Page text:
What is the difference between App: React.FunctionComponent and App = (): React.FunctionComponent?

Tags: , ,



Trying to understand typescript at the moment.

What is the difference between:

const App: React.FunctionComponent<CustomProps> = (props: CustomProps) => {
  return <div>Hello World!</div>;
};

and:

const App = (props: CustomProps): React.FunctionComponent => {
  return <div>Hello World!</div>;
};

The second one throws an error:

src/App.tsx:19:3 - error TS2322: Type 'Element' is not assignable to type 'FunctionComponent<{}>'.
  Type 'Element' provides no match for the signature '(props: { children?: ReactNode; }, context?: any): ReactElement<any, any> | null'.

Answer

const App: React.FunctionComponent<CustomProps> = (props: CustomProps)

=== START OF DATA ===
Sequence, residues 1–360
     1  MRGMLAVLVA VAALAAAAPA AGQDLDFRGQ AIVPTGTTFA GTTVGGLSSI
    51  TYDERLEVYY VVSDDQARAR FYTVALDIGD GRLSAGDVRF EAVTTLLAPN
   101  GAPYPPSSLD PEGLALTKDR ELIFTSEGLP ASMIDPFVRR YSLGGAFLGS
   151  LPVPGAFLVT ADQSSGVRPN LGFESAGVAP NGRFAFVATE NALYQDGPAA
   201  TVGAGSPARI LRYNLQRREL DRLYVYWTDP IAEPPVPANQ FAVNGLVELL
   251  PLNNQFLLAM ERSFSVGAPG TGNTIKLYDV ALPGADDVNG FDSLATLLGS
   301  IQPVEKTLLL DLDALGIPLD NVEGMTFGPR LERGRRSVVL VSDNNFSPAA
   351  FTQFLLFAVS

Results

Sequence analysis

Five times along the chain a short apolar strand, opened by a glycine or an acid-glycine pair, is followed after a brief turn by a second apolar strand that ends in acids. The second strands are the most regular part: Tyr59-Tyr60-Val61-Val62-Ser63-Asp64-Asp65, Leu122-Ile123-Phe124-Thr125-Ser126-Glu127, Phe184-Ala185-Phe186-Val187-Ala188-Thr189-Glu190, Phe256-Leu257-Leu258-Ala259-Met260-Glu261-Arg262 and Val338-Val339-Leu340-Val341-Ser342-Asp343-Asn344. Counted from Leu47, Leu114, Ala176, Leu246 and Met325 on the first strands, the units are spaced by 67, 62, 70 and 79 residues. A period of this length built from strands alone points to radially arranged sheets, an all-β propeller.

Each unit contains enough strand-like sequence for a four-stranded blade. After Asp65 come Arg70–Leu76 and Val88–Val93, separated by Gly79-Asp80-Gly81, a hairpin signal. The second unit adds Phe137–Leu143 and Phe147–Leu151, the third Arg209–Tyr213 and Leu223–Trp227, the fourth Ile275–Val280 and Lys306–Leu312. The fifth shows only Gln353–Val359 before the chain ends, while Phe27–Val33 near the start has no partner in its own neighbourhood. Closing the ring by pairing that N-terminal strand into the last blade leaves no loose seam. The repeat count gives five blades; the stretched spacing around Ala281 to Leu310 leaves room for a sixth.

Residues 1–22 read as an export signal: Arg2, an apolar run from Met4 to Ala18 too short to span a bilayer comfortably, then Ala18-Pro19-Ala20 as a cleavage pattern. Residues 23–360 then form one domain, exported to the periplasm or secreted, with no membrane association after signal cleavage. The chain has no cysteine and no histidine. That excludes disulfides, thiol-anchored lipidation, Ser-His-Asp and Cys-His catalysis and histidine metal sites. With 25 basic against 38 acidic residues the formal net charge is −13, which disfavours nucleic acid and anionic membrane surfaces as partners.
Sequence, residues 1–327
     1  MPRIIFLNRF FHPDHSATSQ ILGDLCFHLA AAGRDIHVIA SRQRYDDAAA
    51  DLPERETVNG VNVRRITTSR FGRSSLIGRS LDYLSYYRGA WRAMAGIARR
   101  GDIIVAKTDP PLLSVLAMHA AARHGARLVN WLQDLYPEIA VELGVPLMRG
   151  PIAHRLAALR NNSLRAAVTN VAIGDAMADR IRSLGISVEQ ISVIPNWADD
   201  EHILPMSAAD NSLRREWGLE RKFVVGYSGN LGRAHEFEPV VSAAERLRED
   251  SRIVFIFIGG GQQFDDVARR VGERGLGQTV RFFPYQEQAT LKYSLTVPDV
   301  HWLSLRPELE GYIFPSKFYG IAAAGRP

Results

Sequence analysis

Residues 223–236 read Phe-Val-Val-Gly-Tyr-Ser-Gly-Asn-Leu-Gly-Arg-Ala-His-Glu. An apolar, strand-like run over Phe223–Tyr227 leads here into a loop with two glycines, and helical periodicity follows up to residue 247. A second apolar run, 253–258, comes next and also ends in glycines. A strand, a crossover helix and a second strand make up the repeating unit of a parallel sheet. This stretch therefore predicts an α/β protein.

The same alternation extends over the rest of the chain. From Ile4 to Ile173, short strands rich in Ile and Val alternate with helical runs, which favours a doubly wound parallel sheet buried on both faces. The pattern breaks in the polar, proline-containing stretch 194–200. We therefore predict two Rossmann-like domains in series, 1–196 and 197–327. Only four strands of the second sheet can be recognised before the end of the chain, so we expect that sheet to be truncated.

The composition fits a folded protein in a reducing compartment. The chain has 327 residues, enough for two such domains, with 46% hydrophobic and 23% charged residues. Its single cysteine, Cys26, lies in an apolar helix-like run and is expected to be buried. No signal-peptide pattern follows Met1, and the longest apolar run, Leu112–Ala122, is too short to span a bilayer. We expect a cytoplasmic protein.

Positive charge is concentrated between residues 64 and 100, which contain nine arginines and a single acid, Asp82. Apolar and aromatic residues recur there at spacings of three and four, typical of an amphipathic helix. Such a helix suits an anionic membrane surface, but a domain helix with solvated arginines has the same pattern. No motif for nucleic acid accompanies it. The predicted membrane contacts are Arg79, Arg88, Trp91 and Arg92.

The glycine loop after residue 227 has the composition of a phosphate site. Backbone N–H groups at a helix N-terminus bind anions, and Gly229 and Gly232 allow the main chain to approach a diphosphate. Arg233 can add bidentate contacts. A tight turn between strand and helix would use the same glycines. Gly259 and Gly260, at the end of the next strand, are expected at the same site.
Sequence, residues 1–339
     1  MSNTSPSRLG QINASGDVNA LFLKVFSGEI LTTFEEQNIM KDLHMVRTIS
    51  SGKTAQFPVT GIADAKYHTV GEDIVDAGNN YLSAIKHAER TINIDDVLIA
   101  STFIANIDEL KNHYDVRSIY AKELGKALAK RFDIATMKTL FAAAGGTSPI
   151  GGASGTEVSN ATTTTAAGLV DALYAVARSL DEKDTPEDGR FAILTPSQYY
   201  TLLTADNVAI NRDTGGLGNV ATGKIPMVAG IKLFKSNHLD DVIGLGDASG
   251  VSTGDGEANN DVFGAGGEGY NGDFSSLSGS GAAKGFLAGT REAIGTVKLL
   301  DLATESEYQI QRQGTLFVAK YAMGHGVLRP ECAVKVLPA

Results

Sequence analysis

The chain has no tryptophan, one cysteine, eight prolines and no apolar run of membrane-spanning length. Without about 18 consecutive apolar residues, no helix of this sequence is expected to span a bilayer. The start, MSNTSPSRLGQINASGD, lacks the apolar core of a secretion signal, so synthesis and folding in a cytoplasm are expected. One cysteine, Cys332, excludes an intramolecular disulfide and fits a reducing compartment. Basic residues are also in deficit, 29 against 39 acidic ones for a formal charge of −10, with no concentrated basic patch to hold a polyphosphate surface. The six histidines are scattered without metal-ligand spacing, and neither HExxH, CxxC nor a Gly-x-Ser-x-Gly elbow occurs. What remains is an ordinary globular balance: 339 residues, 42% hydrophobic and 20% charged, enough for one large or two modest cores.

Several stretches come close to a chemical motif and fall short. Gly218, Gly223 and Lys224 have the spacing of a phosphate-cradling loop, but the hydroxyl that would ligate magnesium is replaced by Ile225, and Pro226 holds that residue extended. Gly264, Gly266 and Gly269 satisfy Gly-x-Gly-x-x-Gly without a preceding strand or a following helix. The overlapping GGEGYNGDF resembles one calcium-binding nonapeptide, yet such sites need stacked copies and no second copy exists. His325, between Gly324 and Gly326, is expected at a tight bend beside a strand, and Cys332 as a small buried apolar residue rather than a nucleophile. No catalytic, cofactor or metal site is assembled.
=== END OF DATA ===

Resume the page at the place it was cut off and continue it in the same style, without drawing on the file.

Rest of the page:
means that App is a type of React.FunctionComponent<CustomProps>

const App = (props: CustomProps): React.FunctionComponent

means that your App is the type of any because you didn’t assign a type but it returns an object of type React.FuctionComponent

The error means that you return a JSX.Element and you said that the function return a FunctionComponent

The right code is :

const App: React.FunctionComponent<CustomProps> = (props: CustomProps): JSX.Element => {
  return <div>Hello World!</div>;
};

In addition, you can see directly what type your function is returned if you writte nothing on the return type. Is you have VS code you can hover your mouse on your function and it will display what it returns thanks to the intellisense



Source: stackoverflow